Sunday, August 3, 2008

Good News for Evo; Land and Gas Distribution in Bolivia

With a less than a week until the Aug. 10 referenda in which Bolivian President Evo Morales and eight of the nine state governors will face possible recall, Morales has some good news: His approval rating has reached 57%. He needs only 46.3% of the vote to stay in power. (Originally, the governors of the departments needed between 52% to 62.1% to stay in power, due to electoral law; the Bolivian Electoral Court ruled to put the bar at 50%, with the Morales administration's approval.)

The referenda are in response to the recent "autonomy" votes in four departments: Santa Cruz, Beni, Pando, and Tarija--the so-called "Half Moon" territory carved out of the resource-rich lands of eastern Bolivia. The Center for Economic and Policy Research has a Morales and his policy of land distribution and greater state control of the country's natural gas production. Among its findings: ownership of Bolivia's most valuable natural resources, arable land and hydrocarbon reserves, is inequitably distributed to the richer and non-indigenous population (in a country where 62% are classified as "indigenous").

Morales, an Aymara Indian himself, is also trying to gain greater control of the country's hydrocarbon industry, in which natural gas is the big product. Tarija, with 60% of the country's natural-gas production and 85% of its reserves, is only 20% indigenous. Add to this a land distribution where 0.63% of land owners own more than 66.4% of agriculture land--in the poorest country in South America--and the class divide between the rich and the poor becomes pronounced. (Also bear in mind that state diesel subsidies of $335 million a year are given to to the Half Moon states, along with 49.7 percent of hydrocarbon revenues--about $750 million--to the prefectures, municipalities, and universities, a staggering amount of money that the central government doesn't see (only 25% of hydrocarbon revenues goes to the Bolivian government).)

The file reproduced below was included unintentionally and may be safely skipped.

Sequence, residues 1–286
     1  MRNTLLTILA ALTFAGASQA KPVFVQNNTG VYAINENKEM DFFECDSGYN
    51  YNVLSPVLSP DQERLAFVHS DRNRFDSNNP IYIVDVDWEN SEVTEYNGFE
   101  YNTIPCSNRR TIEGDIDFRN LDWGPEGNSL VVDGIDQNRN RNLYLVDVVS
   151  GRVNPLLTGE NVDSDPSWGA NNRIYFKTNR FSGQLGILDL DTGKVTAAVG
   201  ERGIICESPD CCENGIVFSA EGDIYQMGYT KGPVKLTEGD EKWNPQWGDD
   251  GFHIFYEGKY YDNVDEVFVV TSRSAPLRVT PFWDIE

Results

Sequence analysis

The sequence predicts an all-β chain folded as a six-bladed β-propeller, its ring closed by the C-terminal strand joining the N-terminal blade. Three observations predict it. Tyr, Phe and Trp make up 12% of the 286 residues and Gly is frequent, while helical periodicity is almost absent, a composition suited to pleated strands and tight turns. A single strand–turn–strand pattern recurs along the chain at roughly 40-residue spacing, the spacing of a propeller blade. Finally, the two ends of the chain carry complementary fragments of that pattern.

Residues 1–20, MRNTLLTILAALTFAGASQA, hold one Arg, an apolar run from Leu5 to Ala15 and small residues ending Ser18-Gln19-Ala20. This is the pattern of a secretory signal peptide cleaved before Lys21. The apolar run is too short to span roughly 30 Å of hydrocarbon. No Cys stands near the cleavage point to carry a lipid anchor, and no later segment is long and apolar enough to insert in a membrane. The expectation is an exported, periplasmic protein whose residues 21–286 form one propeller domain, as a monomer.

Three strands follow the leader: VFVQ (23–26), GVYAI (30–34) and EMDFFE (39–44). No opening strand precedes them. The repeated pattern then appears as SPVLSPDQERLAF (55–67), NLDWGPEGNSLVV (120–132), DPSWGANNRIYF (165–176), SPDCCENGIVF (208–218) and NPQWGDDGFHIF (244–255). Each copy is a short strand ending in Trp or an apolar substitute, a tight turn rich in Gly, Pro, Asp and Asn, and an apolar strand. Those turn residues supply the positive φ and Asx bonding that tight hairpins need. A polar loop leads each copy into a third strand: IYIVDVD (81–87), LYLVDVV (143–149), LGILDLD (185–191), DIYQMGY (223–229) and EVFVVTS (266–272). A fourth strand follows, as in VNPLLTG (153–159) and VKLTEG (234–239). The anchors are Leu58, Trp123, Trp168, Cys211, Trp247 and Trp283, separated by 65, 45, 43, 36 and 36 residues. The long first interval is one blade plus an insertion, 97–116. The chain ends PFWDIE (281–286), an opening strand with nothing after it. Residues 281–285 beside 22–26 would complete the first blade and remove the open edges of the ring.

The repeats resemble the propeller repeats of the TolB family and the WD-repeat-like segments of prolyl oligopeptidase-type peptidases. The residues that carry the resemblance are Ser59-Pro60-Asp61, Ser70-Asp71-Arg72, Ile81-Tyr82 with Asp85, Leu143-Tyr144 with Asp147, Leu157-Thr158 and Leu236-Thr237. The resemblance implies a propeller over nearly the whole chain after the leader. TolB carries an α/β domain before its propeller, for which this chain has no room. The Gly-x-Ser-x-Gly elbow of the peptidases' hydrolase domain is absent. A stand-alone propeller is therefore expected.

As the paper concludes:
In most developing countries, it is assumed that these valuable resources belong to the nation as a whole, not to the particular region in which happens to be underground. This is especially important for developing countries, since their development strategy – the means by which they can eliminate extreme poverty and reduce overall poverty – is based on using the rents from their mineral wealth to diversify away from hydrocarbons, as well as investing in economic and social infrastructure. Of course, this is even more important in a time of high energy prices. The Media Luna [Half Moon] states are advocating in another direction: in a country that already distributes its hydrocarbon revenues more than any in the world to provincial and local governments, they want even more to go to the provincial governments.

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